Charles Sumner “Chuck” Stone Jr., a former University of North Carolina at Chapel Hill journalism professor and co-founder of the National Association of Black Journalists, died at the age of 89 on Sunday.
Stone wrote for and led some of the country’s most influential African-American newspapers, including the Washington Afro-American where he served as White House correspondent and editor, the Chicago Daily Defender where he was editor and the New York Age where he was a reporter and editor. In 1972, he became the Philadelphia Daily News’ first Black columnist.
Stone, along with 43 others, founded the National Association of Black Journalists in Washington, D.C., in 1975 and served as the organization’s first president.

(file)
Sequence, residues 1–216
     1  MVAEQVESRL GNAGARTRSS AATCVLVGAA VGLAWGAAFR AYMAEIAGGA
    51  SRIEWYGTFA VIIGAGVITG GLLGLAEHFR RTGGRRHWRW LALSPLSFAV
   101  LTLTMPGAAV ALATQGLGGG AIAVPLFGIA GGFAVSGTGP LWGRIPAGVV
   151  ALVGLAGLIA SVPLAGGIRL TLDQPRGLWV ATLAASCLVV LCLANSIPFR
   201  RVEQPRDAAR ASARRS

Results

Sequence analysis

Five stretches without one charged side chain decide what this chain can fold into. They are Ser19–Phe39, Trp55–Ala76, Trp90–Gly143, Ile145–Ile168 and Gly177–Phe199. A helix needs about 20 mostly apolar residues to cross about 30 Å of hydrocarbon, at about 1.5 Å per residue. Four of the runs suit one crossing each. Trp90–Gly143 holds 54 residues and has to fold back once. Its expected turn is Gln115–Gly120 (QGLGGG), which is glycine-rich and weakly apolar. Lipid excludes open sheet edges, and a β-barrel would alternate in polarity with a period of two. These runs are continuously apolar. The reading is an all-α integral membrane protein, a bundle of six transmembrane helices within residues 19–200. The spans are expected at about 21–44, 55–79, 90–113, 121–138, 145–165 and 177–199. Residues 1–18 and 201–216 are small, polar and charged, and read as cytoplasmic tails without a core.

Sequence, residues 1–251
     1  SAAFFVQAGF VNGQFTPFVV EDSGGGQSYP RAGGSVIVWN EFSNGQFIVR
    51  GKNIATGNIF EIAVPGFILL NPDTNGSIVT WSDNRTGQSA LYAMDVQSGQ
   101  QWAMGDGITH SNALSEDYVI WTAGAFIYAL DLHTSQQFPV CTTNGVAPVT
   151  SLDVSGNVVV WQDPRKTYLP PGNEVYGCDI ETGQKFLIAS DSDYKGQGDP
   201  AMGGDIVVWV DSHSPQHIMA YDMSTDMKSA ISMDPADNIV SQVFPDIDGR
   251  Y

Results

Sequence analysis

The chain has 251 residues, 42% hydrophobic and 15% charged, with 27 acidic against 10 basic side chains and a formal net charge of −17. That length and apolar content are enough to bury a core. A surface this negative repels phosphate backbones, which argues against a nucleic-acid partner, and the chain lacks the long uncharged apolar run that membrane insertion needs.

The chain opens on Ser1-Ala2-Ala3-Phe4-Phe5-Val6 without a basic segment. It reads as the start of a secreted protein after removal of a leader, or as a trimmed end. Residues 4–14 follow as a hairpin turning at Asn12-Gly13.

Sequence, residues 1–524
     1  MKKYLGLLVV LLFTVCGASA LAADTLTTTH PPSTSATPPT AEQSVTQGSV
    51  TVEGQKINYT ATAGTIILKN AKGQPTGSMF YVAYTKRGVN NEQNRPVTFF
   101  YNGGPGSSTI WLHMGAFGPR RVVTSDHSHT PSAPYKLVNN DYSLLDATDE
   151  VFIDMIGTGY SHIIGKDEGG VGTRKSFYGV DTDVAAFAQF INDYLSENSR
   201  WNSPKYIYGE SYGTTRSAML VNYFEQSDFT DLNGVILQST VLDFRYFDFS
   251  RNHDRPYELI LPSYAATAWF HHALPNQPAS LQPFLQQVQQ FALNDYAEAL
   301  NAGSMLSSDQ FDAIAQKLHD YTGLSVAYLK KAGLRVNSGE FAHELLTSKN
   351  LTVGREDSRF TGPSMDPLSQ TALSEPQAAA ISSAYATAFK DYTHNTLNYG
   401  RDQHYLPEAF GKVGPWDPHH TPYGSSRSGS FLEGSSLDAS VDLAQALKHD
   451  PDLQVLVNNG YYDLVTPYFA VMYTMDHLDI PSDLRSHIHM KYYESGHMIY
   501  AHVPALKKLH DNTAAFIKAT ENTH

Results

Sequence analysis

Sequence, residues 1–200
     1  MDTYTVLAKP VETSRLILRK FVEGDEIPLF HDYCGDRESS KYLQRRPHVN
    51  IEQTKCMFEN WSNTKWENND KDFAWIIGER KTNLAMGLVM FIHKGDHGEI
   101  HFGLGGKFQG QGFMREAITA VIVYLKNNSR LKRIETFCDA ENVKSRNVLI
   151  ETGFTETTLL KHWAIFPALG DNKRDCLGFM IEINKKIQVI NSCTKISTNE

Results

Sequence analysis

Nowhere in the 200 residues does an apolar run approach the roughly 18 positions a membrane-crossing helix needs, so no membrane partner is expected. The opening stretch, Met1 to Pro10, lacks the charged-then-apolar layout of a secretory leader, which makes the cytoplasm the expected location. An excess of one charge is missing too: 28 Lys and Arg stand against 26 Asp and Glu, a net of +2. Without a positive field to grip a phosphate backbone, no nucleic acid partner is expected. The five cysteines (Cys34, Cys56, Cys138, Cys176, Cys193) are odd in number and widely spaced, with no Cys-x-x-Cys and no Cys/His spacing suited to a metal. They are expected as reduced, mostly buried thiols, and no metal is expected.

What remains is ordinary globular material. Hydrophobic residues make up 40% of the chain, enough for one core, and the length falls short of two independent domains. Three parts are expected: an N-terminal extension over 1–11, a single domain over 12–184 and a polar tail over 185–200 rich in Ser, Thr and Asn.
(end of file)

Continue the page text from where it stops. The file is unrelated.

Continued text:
Stone’s career in education began when he became a visiting lecturer at Bryn Mawr College’s Graduate School of Social Work and Research. In 1985, he taught journalism at the University of Delaware. Stone taught censorship and magazine writing as the University of North Carolina at Chapel Hill’s Walter Spearman Professor from 1991 until his retirement in 2005.
Over his career, Stone received six honorary doctorates and multiple honors, including the Lindback Distinguished Teaching Award from The Christian R. and Mary F. Lindback Foundation, the National Association of Black Journalists’ Lifetime Achievement Award and The Freedom Forum’s Al Neuharth Free Spirit Award.
Stone is also known as a former Tuskegee airman. Born in St. Louis, Mo., on July 21, 1924 and raised in Hartford, Conn., Stone received U.S. Air Corps flight training in Tuskegee, Ala. during World War II before graduating from Wesleyan College in 1948. Stone then earned a master’s degree in sociology from the University of Chicago in 1951.
Stone is survived by children Krishna Stone, Allegra Stone and Charles S. Stone III; grandchild Parade Stone; and sisters Madalene Seymour and Irene Gordy.